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by Natasha Crain
The other day I was reflecting on how much time I spent in Sunday school and youth groups growing up…and how little I understood about the Christian faith by the time I left home. For some reason, I decided to calculate roughly how much time that actually was.
I scratched out the following on a piece of paper:
- Kindergarten through 12th grade = 13 years (I went to church from the time I was a baby, but I just wanted to include the core learning years in my calculation)
- 52 Sundays per year
- 90% attendance rate, to allow for illnesses or being out of town
13 years of Sunday school x 52 Sundays per year x .90 attendance rate = 608 hours
And that’s not even counting the corresponding worship services…that’s just the Christian education time!
I don’t know about you, but that number made my jaw drop.
I spent more than 600 hours in church growing up, but by the time I left home, here’s all I really understood about Christianity:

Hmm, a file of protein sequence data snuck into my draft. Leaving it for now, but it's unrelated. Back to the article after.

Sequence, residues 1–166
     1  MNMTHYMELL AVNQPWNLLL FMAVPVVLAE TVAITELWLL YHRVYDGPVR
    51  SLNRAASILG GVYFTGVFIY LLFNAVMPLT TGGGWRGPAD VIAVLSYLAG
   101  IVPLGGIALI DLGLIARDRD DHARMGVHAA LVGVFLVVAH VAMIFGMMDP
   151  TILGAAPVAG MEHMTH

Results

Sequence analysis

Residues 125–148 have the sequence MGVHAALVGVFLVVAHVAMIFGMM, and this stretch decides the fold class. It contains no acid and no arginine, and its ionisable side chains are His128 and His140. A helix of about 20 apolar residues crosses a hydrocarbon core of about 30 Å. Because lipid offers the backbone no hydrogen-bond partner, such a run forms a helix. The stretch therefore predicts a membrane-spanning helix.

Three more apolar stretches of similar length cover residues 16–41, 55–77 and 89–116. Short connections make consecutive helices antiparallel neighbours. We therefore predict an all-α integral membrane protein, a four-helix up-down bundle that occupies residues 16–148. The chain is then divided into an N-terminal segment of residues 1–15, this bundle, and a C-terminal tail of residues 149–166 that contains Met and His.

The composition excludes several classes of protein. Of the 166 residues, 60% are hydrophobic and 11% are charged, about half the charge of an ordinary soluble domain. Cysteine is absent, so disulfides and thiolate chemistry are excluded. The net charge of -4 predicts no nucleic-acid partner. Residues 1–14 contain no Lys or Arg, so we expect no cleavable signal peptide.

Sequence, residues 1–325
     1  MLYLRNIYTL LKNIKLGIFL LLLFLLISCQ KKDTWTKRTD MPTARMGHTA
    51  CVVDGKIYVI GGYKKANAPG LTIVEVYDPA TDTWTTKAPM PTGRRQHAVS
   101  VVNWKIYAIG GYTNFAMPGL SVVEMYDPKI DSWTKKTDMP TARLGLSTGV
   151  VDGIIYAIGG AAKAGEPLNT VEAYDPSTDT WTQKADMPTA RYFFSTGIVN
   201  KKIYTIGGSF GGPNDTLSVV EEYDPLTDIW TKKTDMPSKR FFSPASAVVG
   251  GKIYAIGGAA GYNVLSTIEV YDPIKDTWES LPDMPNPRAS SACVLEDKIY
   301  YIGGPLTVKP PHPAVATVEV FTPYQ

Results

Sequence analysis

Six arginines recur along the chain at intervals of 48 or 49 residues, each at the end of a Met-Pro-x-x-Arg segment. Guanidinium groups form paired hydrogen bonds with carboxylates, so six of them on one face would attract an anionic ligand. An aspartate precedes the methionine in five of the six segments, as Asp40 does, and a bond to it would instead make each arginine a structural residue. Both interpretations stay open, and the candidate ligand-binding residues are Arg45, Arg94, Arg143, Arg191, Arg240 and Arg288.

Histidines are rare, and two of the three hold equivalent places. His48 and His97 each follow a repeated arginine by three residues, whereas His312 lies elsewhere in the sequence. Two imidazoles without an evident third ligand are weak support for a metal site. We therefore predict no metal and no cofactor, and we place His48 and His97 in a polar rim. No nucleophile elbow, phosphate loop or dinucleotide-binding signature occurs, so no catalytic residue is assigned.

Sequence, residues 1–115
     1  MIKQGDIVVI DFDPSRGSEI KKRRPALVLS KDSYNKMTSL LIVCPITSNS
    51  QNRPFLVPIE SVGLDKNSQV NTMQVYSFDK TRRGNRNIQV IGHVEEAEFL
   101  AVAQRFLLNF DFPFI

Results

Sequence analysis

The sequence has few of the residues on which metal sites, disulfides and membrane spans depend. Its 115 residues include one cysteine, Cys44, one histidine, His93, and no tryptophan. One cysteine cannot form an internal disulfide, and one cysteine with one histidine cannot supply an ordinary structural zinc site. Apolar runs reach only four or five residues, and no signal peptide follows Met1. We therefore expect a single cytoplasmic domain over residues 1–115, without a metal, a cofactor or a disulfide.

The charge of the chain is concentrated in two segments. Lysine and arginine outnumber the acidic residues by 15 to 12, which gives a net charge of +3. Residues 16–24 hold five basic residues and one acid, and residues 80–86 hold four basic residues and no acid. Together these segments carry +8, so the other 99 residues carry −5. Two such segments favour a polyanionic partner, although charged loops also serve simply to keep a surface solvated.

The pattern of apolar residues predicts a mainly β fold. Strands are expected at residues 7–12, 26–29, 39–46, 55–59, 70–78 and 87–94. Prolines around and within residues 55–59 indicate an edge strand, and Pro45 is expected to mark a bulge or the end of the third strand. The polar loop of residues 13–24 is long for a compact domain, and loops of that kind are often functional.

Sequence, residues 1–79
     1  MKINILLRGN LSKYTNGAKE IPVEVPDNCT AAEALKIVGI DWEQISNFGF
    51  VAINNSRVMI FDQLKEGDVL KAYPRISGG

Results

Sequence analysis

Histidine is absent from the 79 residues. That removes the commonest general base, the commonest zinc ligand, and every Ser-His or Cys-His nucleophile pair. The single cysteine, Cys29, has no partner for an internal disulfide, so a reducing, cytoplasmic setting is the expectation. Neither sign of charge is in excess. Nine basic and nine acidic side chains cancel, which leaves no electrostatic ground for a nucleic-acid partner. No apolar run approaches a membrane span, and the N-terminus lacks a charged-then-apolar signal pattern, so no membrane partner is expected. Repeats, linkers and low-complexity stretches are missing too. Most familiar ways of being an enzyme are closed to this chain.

People go to heaven or hell depending on whether or not they believe in Jesus. Once you accept Jesus, you are saved. Christians need to be as good as possible and not sin just to be forgiven. It’s important to tell others about Jesus so they can be saved too.
The result is that I lived the next 12 years with an incredibly blah, shallow faith. I didn’t actually lose my faith—as do more than two-thirds of other kids who grow up going to church—but it was only hanging there by a thread.
Where did those 600+ hours of Christian education go? How can it be that so many kids spend this kind of time in church and don’t leave home with much more understanding of Christianity than could be taught in a week of church camp?
I think I know the answer…
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